Top 100 Cake Blog

Top 100 Cake Blog

Sunday, November 30, 2014

High Tea Blueberry Scones

At work last week, my colleague Allison (aka a Mennonite in Manhattan) was treated to a high tea birthday party in Henry Street Settlement's historic dining room. There was quite the spread -- fancy teas and finger sandwiches and small cakes. I was asked to bring scones. And so I did, even though they did not come out as lovely as I'd hoped.

The recipe for sour cream scones was in the collection I received recently from Arthur Schwartz. They were full of promise ("These scones are very moist," wrote the recipe's contributor.) I found that the dough was too moist to work with, though the end result was pretty good (if not very pretty). Despite competition from a lot of tempting buffet items, the scones were gone -- everyone liked them!

Start by combining the dry ingredients in the bowl of a food processor.

Add cold butter and process until it's incorporated. The mixture should be crumbly.

Transfer it to a large bowl, and add in the nuts and blueberries (or dried apricots or raisins).

Meantime, mix the egg yolk with the sour cream.

Fold this into the batter.

Now, the "fun" begins. As you can see below, the batter is difficult to work with, i.e., simultaneously too wet and too crumbly.

But I persevered; it was late at night and I hadn't the time nor energy to start over.

I cut the rounds into wedges, brushed the tops with egg white and sprinkled on sugar, said a prayer and popped them in the oven.

Production notes: I followed this recipe exactly as written. This would work better with the apricots or raisins -- I think the blueberries added too much moisture to the batter.

Below is the high tea birthday party. The birthday girl is on the right, smiling at the camera.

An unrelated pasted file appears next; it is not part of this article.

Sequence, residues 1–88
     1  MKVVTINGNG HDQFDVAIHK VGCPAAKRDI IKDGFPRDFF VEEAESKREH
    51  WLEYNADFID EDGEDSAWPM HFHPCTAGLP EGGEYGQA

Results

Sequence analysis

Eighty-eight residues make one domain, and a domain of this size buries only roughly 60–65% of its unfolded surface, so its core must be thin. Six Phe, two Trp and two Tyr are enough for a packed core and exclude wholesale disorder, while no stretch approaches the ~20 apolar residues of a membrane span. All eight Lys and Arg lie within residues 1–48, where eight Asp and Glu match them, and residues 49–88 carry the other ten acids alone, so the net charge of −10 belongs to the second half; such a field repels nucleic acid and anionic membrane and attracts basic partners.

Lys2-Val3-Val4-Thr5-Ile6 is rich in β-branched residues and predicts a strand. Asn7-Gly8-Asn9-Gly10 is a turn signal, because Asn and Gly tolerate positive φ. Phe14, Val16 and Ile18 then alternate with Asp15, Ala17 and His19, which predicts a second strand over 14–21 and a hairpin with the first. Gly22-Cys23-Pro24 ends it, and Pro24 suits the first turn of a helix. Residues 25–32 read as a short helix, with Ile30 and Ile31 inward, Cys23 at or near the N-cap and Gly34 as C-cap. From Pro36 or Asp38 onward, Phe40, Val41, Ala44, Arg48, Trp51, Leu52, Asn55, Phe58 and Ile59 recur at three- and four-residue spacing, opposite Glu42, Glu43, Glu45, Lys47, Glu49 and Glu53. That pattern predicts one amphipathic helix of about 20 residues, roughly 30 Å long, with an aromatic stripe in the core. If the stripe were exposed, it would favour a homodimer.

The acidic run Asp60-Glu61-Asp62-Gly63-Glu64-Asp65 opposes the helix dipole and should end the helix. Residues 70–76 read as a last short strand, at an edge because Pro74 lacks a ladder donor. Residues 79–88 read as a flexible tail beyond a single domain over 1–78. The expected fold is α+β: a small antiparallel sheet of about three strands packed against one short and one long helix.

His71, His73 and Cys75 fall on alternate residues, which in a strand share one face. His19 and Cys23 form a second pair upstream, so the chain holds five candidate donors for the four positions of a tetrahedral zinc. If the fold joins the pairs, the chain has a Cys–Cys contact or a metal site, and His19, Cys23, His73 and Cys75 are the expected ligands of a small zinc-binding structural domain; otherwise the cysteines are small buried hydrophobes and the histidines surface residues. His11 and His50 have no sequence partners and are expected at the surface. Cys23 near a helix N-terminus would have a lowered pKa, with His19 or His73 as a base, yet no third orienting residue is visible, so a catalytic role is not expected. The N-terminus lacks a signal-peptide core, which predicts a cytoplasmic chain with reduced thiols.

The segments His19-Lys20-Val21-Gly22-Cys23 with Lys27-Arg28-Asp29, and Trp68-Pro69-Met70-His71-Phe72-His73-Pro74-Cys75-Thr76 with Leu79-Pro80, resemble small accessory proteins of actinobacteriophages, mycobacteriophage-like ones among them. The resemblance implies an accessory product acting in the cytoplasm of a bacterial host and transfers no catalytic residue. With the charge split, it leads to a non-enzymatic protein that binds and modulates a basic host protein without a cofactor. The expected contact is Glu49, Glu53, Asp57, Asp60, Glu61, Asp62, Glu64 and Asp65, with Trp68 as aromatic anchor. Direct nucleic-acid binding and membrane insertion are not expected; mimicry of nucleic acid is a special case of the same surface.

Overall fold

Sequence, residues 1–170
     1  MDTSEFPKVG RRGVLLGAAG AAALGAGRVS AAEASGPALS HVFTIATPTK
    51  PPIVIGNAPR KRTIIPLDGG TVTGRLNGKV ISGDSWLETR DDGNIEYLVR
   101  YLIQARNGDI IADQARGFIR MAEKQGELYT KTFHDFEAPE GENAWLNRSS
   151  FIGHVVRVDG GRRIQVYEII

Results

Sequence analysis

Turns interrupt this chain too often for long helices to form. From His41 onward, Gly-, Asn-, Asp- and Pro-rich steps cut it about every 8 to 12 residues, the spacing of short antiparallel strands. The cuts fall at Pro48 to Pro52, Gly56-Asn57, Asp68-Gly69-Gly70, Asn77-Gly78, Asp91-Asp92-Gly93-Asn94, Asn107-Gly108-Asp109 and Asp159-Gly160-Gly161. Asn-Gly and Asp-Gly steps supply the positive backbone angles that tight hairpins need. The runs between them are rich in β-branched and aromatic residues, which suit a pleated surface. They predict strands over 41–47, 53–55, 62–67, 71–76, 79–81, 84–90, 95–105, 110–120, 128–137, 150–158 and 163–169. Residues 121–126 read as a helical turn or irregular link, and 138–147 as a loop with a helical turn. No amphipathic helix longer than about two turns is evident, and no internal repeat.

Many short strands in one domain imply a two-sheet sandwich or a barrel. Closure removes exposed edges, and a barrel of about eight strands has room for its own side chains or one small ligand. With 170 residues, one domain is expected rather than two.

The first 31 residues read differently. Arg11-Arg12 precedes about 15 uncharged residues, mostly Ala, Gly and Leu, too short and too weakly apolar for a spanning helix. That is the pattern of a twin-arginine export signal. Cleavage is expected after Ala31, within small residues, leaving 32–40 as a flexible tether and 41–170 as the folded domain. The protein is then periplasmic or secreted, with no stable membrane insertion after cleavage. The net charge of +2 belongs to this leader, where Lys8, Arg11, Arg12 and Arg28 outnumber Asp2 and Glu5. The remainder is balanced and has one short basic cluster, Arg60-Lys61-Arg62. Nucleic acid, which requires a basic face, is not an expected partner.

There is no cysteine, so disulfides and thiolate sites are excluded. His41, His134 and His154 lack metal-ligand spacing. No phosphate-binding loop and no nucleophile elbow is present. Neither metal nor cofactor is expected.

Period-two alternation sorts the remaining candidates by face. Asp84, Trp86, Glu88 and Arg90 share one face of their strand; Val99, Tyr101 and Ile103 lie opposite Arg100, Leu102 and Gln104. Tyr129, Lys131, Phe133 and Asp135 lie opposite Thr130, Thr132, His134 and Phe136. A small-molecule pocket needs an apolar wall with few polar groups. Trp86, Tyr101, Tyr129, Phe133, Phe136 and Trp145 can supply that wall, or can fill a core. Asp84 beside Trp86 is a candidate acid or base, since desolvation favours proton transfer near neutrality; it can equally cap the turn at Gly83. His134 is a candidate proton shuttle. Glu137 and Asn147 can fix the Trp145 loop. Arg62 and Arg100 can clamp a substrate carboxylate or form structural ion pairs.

Pinkies in the air!

Tuesday, November 25, 2014

Pecan Crunch Pie


Can one improve on tradition? Or at least tweak the expected? Yes, we can!

If you're looking for a pecan pie alternate, but still want to give a nod to Thanksgiving tradition, then this Pecan Crunch Pie may be just the ticket. This unusual dessert is a meringue enriched with nuts and graham cracker crumbs, and topped with a layer of whipped cream. It's pretty darn good and contains no butter (if that's your thing). This is a sweet pie (from a vintage Texas family recipe) and quite addicting (even if you've sworn off dessert).

Is this easier than traditional pecan pie? I'd say it's a toss up: It doesn't require making a pie crust, but it does require whipping egg whites.

Start by crushing the graham crackers, which can be done like this, below, or in a food processor.

Chop the nuts. I used pecans but walnuts would also be nice.

Whip the egg whites (use an electric mixer for this), and add in the sugar gradually until the mixture is thick, glossy and holds a peak when the beater is lifted. Be sure your egg whites, the bowl and beaters are completely clean and grease-free; if not, your whites won't whip.

Carefully fold in the graham crackers, nuts and vanilla.

Turn the mixture into a well-greased pie plate. Spread evenly.

Bake for about 30 minutes until golden brown. The meringue will be firm.

After the pie is completely cool, whip heavy cream, with or without adding sugar, and cover the pie entirely. It's better to whip the cream until fairly firm for this pie. Whipping cream is easier if the bowl and beaters are very cold -- just pop them in the fridge or freezer for a while.

The original recipe is below, but because it's difficult to read (a recipe for Impossible Pie is on the reverse), I've written out instructions below.

Pecan Crunch Pie

Preheat oven to 350 F.  Grease a nine-inch pie pan.

3 egg whites
1/2 t baking powder
1 c white sugar
11 graham crackers crushed
1 c chopped pecans
1 t vanilla extract
1 pt heavy cream

Beat egg whites with baking powder. Slowly add sugar and beat until the mixture is thick and forms a peak when the beater is lifted.

Fold in the graham crackers, pecans and vanilla. The batter will be quite thick.
Spoon into the prepared pie pan and spread evenly.
Bake for 30 minutes, until golden brown.
Cool completely.
Whip cream until firm peaks form. You can add in some confectioners sugar if you want the topping sweeter.
Spread evenly over cooled pie.

Friday, November 21, 2014